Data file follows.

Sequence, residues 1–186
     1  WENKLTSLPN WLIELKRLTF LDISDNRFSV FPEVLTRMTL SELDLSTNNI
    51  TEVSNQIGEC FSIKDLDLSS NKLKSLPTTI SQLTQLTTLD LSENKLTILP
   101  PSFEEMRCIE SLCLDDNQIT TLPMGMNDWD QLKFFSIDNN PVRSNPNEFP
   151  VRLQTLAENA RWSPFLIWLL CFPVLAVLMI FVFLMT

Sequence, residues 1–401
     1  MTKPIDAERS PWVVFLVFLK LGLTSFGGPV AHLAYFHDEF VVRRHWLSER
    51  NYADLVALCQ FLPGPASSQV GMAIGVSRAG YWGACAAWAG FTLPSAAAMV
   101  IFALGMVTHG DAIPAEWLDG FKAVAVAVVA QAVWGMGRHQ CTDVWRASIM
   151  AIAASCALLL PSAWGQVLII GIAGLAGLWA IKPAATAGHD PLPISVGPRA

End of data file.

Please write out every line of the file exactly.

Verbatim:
Sequence, residues 1–186
     1  WENKLTSLPN WLIELKRLTF LDISDNRFSV FPEVLTRMTL SELDLSTNNI
    51  TEVSNQIGEC FSIKDLDLSS NKLKSLPTTI SQLTQLTTLD LSENKLTILP
   101  PSFEEMRCIE SLCLDDNQIT TLPMGMNDWD QLKFFSIDNN PVRSNPNEFP
   151  VRLQTLAENA RWSPFLIWLL CFPVLAVLMI FVFLMT

Sequence, residues 1–401
     1  MTKPIDAERS PWVVFLVFLK LGLTSFGGPV AHLAYFHDEF VVRRHWLSER
    51  NYADLVALCQ FLPGPASSQV GMAIGVSRAG YWGACAAWAG FTLPSAAAMV
   101  IFALGMVTHG DAIPAEWLDG FKAVAVAVVA QAVWGMGRHQ CTDVWRASIM
   151  AIAASCALLL PSAWGQVLII GIAGLAGLWA IKPAATAGHD PLPISVGPRA